The mounting plate 103 in one or more embodiments is generally circular as shown with a first flange 123 and a second flange 125 and is further configured to rotate (relative to the bracket) together with the lamp socket 105 and lamp 109 about an axis 126. The mounting plate 103 in one or more embodiments, includes one or more socket tabs 115 that are configured to be coupled or attached to the lamp socket 105 using, e.g., threaded screws 117 that pass through openings 119 (e.g., 0.22″ diameter openings with centers spaced at 1.38″) in the socket tabs 115 and which are engaged or secured via threaded openings 201 (see FIG. 2) in a rear surface of the lamp socket 105. The socket tabs 115 are formed to be offset or recessed away from a front surface 121 of the mounting plate 103 and toward the lamp socket 105 by an amount that insures that the heads on the screws 117 do not extend beyond the mounting plate 103 or rear surface 203 thereof, thereby insuring that the mounting plate 103 can be mechanically coupled to the bracket 101 without any interference.

The bracket 101 further comprises a locking member 127 and the mounting plate 103 further comprises a complementary locking member 129, where the locking member 127 and complementary locking member 129 are configured to engage the mounting plate 103 and the bracket 101 at one of a multiplicity of angular rotations or positions when the bracket is disposed adjacent to the mounting plate, i.e., when the rear surface 203 is adjacent to a bracket surface 131, e.g., a front surface 131 of the bracket 101.

In some embodiments, the locking member 127 comprises a multiplicity of cavities (pockets, dimples, or the like) 133 disposed in the bracket 101 and the complementary locking member 129 further comprises one or more projecting members (bumps in the rear surface not specifically shown) that are configured for disposal in one or more of the multiplicity of cavities 133 to thereby engage the mounting plate 103 and the bracket 101. In other embodiments, the locking member 127 comprises a multiplicity of perforations (openings, apertures) 205 in or through the bracket 101 and the complementary locking member 129 further comprises a projecting member 207 that is configured for disposal within or through one of the multiplicity of perforations 205 to engage the mounting plate 103 and the bracket 101. It is noted that the pockets or perforations could be disposed in the mounting plate 103 with the complementary features (bumps, pins, etc.) disposed in the bracket 101. The multiplicity of perforations 205 in or through the bracket 101 in some embodiments further comprise a multiplicity of circular perforations (e.g., 0.175″ diameter circular openings) in the bracket and the projecting member 207 is a pin, e.g., circular or other cross sectional shaped pin, projecting from the mounting plate or rear surface 203 of the plate and configured for disposal within any one of the multiplicity of circular perforations 205. Note that the pin may be fashioned from separate stock of appropriate dimensions and the pin body can then be brazed or riveted or press fit to the mounting plate 101. The pin also may be formed from the same sheet stock that is used for the mounting plate by cutting out an appropriately located tab and then bending this tab to project from the rear surface 203 in one or more metal stamping operations. The pin formed by stamping operations is likely to have a rectangular cross section and in this case the multiplicity of perforations 205 would not necessarily need to be circular in form, although various practicalities may suggest a circular perforation.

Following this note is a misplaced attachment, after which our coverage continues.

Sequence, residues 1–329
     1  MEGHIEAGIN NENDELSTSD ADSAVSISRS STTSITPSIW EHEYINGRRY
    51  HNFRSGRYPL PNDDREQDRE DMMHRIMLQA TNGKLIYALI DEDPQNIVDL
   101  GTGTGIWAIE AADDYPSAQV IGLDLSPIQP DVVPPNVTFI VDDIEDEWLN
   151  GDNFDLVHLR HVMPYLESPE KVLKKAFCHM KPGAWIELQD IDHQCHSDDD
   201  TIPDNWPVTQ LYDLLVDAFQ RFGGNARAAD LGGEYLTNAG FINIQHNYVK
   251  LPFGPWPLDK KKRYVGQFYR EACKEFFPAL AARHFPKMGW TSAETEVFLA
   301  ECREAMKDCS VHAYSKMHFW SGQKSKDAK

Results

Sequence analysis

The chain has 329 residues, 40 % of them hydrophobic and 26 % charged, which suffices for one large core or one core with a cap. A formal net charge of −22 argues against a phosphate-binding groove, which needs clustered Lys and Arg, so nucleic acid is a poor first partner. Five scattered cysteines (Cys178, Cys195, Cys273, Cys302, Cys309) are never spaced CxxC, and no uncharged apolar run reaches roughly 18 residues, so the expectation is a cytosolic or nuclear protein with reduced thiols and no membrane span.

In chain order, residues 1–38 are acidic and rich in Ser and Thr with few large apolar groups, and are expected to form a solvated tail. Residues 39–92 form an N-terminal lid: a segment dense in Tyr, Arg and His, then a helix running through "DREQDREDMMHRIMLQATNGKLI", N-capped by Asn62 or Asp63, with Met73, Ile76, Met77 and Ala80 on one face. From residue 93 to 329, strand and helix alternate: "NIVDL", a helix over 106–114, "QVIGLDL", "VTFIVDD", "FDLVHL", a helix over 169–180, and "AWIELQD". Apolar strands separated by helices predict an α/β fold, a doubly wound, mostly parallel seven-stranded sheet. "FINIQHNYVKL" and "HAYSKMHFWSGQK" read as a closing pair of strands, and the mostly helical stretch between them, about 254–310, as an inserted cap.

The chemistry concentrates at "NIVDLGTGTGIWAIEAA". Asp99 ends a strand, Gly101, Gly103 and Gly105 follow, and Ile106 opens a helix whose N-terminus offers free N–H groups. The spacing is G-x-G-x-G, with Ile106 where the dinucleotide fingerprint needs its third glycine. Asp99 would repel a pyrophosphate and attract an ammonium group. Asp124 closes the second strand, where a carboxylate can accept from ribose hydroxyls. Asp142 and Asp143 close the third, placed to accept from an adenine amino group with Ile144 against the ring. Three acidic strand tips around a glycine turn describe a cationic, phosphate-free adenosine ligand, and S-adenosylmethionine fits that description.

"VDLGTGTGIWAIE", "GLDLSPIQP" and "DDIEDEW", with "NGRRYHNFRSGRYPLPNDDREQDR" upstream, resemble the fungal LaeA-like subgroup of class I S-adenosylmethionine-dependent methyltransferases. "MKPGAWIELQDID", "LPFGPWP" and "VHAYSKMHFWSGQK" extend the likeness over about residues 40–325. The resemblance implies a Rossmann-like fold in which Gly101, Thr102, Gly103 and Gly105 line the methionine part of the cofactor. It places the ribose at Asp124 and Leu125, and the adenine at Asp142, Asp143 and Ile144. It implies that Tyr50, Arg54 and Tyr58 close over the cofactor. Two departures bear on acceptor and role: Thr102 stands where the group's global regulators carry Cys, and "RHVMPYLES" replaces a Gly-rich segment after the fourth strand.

The multiplicity of cavities 133 or perforations 205 in the bracket 101 can be disposed in at least a portion of a arc 209 (e.g., circular arc with a 1.0″ radius each angularly spaced at nominally 12.8 degrees from adjacent perforations) as shown. The portion of the arc 209 generally needs to encompass a sufficient portion to account for the range of angular rotations or rotational positions that may be required in order to properly orient a dual arc lamp. In the embodiment depicted, this portion of an arc comprises a substantially full circle although other embodiments utilize substantially a half circle or slightly more than a half circle (see FIG. 8 and FIG. 9). Note that if the portion of the arc is or slightly exceeds 90 degrees, sufficient adjustment is provided to account for a worst case initial position of the dual arc lamp, i.e., it is desirable to have the two tubes 108, 110 of the lamp lying co-planer to the surface to be illuminated and the worst case initial position for these tubes is a plane that is perpendicular (90 degrees relative) to the desired plane.